Why do denitrification catalysts need to be replaced periodically?

Aug 09, 2022
Denitrification catalyst is one of the essential components in the denitrification process of industrial flue gas treatment, and its use can improve denitrification efficiency and achieve ultra-low emissions. However, catalysts need to be replaced periodically during use as operating time increases, due to dust clogging, sintering, alkali metal poisoning, loss of active components, etc.
So, what are the common deactivation causes of denitrification catalyst deactivation?
1) Physical factors.
Decrease in catalyst activity due to changes in the physical properties of the catalyst itself or physical changes in the catalyst surface structure; mainly includes three types: high temperature sintering, pore blockage, and substrate abrasion.
2) Chemical factors.

The chemical activity of the active component is destroyed or inhibited after the catalyst absorbs and adsorbs the chemical components in the flue gas, which leads to the reduction of denitrification catalyst activity; mainly including: alkali metal (Na) poisoning, alkaline earth metal (Ca) poisoning, arsenic (As) poisoning, SO3 poisoning, phosphorus (P) poisoning, and the effect of water vapor (H2O).

Industrial SCR Honeycomb Catalysts

01 Sintering
After long-term operation of SCR denitrification catalysts under high temperature conditions, TiO2 undergoes phase transition from anatase to rutile; at the same time, the active component V2O5 agglomerates to form large particles resulting in reduced dispersion. The specific surface area and activity of the catalyst will be reduced as a result.
02 Clogging
1) Surface coverage - the fly ash in the flue gas covers the surface of the catalyst monomer causing blockage (fly ash deposition).
2) Pore blockage - the internal pores of the catalyst are blocked, resulting in catalyst deactivation (ammonium salt deposition).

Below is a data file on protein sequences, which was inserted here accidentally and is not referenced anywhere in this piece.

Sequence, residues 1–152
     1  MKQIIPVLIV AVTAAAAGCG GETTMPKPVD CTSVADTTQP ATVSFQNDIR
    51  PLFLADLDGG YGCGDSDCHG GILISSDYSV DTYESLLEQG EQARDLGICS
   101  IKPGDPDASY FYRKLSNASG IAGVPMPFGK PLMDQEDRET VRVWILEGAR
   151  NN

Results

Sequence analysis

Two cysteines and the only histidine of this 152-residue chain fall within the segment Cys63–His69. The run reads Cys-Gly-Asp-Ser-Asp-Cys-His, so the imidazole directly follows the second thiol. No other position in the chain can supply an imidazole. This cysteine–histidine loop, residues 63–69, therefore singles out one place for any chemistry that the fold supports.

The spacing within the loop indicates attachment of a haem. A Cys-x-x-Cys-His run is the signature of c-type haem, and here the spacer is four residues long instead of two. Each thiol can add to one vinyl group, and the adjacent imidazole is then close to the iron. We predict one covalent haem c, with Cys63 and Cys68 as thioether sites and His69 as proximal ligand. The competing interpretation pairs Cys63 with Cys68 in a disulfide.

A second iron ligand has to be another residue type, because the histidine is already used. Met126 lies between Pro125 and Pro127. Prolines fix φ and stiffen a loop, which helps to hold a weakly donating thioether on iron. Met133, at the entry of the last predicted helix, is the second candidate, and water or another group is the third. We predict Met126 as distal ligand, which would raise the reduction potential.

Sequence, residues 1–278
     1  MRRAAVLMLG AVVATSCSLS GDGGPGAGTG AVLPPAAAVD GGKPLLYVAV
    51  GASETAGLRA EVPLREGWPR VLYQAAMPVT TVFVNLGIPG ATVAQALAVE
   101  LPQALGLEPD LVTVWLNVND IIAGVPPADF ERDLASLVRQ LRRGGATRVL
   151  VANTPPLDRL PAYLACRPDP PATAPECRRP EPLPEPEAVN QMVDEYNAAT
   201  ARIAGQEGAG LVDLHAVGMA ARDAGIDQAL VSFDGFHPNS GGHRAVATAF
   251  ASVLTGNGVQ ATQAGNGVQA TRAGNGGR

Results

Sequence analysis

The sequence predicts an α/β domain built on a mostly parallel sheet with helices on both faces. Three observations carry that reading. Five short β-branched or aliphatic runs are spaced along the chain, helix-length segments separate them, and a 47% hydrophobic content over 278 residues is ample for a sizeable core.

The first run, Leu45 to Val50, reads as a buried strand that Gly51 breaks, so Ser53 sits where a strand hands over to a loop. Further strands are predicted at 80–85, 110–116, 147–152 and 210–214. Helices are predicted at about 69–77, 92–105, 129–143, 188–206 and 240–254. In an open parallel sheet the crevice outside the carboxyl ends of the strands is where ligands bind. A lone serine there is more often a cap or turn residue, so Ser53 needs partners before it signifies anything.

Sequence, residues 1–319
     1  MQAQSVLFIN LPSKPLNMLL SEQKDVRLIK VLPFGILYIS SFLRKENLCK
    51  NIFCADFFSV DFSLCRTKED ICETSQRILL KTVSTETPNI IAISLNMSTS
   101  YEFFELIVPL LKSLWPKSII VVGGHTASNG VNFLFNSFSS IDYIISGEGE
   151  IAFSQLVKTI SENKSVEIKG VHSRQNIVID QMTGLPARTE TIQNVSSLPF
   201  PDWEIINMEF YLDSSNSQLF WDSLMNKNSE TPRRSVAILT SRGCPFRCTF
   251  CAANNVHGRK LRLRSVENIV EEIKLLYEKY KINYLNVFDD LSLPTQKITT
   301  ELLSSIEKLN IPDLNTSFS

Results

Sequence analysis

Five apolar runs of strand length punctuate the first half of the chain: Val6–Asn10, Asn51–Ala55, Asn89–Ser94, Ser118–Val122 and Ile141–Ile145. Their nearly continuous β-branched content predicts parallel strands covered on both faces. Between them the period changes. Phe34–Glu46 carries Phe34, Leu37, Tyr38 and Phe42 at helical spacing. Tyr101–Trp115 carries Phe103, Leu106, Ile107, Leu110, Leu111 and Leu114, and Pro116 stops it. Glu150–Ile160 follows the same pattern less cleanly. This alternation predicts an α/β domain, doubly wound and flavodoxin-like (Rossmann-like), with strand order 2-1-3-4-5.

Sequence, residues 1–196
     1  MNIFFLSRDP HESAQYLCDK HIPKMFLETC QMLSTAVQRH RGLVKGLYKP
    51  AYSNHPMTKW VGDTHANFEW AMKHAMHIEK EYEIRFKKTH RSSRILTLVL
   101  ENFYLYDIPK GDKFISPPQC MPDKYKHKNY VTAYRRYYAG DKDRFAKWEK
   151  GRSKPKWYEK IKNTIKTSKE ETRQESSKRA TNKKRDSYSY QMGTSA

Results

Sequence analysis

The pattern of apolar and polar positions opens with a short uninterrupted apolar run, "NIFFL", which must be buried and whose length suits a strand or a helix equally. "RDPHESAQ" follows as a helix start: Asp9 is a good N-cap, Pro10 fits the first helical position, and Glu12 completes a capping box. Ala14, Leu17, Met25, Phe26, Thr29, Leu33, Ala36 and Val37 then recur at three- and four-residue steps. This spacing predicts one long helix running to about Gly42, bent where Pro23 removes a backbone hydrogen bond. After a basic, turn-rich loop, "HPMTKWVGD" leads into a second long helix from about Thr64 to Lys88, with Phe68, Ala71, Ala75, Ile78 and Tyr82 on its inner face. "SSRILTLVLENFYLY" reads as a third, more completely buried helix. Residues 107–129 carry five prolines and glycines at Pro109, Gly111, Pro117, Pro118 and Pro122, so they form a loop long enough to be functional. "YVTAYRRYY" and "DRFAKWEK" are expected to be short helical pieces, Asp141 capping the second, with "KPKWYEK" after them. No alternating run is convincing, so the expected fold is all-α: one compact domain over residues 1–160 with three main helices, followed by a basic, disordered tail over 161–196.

03 Abrasion
The intensity of catalyst abrasion is related to the airflow velocity, fly ash characteristics, impact angle and the catalyst itself characteristics.
1) Impact of the catalyst by external forces during installation or replacement.
2) Excessive flue gas flow velocity (> 8 m/s) during operation.
3) Excessive dust concentration (> 45 g/Nm3).
04 Alkali metal poisoning (Na, K)
Alkali metals can react directly with the active component of the catalyst, making the catalyst surface less acidic and reducing the reducibility of the active component, resulting in the loss of catalyst activity.
05 Alkaline earth metal poisoning (Ca)
The free CaO in the fly ash reacts with the SO3 adsorbed on the catalyst surface to form CaSO4, which scales on the catalyst surface and prevents the diffusion of the reacting material to the catalyst surface and to the catalyst interior.
06 Arsenic poisoning (As)
Arsenic (As) poisoning is caused by the presence of gaseous As2O3 in the flue gas. As2O3 is dispersed into the catalyst and solidified in the active and inactive regions, so that the diffusion of the reactant gas within the catalyst is restricted and the microscopic capillary pore channels are destroyed.
07 Sulfur poisoning (SO3)
Caused by the oxidation of SO2 in the flue gas to produce SO3. SO3 can react with CaO in the flue gas and the reducing agent NH3, and the corresponding products cover the catalyst surface and plug the pores.

Leave A Message
If you are interested in our products and want to know more details,please leave a message here,we will reply you as soon as we can.